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    @mattx The problem is that whilst the cowboy attitude to ITSupport works well in small organisations it doesn't scale very well if you have multiple technicians, hundreds of computers, and conflicting user requirements. The ITIL (and FITS) processes may seem like a lot of work to begin with, but once the processes are up and running things work very smoothly. Having a process for documentation and change is just good practice for the school. There are so many conflicting software/hardwares and user requirements in a school that having a transparent process to manage how changing one thing may effect another is essential.

    (Note, that at the moment, those roles in our school would be myself and my manager (assistant head), so it'd be like bouncing something back and forth - until we get a third person).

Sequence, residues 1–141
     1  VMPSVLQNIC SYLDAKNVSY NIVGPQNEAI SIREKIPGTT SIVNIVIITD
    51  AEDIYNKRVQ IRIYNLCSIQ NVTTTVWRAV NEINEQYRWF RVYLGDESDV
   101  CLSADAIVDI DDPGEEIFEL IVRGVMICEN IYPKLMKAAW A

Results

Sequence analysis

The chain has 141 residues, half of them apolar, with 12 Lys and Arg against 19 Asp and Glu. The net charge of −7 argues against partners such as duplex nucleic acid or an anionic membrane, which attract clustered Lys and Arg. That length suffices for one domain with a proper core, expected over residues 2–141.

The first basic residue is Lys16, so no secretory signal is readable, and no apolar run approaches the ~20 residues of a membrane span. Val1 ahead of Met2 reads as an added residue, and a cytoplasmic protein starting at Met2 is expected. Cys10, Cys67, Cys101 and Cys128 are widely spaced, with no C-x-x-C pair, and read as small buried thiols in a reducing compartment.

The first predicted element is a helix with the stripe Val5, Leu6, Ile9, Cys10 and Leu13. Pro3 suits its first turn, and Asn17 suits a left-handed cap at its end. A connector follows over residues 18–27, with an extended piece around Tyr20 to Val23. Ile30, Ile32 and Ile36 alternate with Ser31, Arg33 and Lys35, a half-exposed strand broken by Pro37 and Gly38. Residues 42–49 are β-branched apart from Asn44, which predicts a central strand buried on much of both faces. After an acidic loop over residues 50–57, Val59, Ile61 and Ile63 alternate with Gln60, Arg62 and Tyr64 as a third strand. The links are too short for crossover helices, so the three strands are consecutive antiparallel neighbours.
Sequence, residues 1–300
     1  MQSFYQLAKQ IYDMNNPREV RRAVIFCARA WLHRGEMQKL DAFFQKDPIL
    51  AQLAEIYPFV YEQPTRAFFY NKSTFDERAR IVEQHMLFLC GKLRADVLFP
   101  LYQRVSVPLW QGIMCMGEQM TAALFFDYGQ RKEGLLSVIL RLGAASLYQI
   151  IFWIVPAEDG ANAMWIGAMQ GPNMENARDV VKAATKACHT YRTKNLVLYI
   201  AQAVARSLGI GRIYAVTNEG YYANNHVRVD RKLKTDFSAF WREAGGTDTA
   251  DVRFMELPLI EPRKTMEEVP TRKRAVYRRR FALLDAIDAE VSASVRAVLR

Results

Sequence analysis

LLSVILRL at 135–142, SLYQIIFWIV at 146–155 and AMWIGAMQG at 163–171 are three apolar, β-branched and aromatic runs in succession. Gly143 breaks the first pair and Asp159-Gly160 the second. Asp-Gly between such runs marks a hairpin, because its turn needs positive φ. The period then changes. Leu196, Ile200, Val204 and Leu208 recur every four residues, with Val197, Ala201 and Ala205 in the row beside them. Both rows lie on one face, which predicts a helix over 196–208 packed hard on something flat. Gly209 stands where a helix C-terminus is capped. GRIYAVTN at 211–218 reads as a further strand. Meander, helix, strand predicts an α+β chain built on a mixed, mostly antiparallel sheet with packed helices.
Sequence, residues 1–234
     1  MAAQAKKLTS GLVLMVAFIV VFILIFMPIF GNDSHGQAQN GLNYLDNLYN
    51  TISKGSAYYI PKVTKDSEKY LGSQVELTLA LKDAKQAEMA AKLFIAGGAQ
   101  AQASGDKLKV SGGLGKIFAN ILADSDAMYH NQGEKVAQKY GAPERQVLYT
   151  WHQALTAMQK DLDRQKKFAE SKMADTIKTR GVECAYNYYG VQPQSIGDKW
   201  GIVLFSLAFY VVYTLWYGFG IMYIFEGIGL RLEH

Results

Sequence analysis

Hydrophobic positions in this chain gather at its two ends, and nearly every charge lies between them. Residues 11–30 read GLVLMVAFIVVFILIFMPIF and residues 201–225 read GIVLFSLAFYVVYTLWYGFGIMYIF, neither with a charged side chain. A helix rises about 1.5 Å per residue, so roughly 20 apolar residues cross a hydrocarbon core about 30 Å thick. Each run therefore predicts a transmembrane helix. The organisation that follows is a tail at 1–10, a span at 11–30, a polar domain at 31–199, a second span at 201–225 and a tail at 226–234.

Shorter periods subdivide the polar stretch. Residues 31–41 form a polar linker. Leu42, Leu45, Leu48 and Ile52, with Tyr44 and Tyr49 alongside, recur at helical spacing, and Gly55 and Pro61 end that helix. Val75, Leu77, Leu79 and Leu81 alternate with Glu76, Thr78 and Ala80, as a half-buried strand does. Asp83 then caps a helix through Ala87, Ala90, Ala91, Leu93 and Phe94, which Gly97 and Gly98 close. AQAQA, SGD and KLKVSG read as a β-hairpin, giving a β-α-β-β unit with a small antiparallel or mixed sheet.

You could do it with just your manager and yourself - the change process doesn't have to be complicated. THe important part is that you have a procedure to document everything you do and time to discuss implementation and to make sure the change falls in line with the school stragegy. It's too easy to fall into the trap of 'just doing X' for somebody only to find that it has caused problems elswhere.

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    localzuk's Avatar
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    Quote Originally Posted by CyberNerd View Post
    You could do it with just your manager and yourself - the change process doesn't have to be complicated. THe important part is that you have a procedure to document everything you do and time to discuss implementation and to make sure the change falls in line with the school stragegy. It's too easy to fall into the trap of 'just doing X' for somebody only to find that it has caused problems elswhere.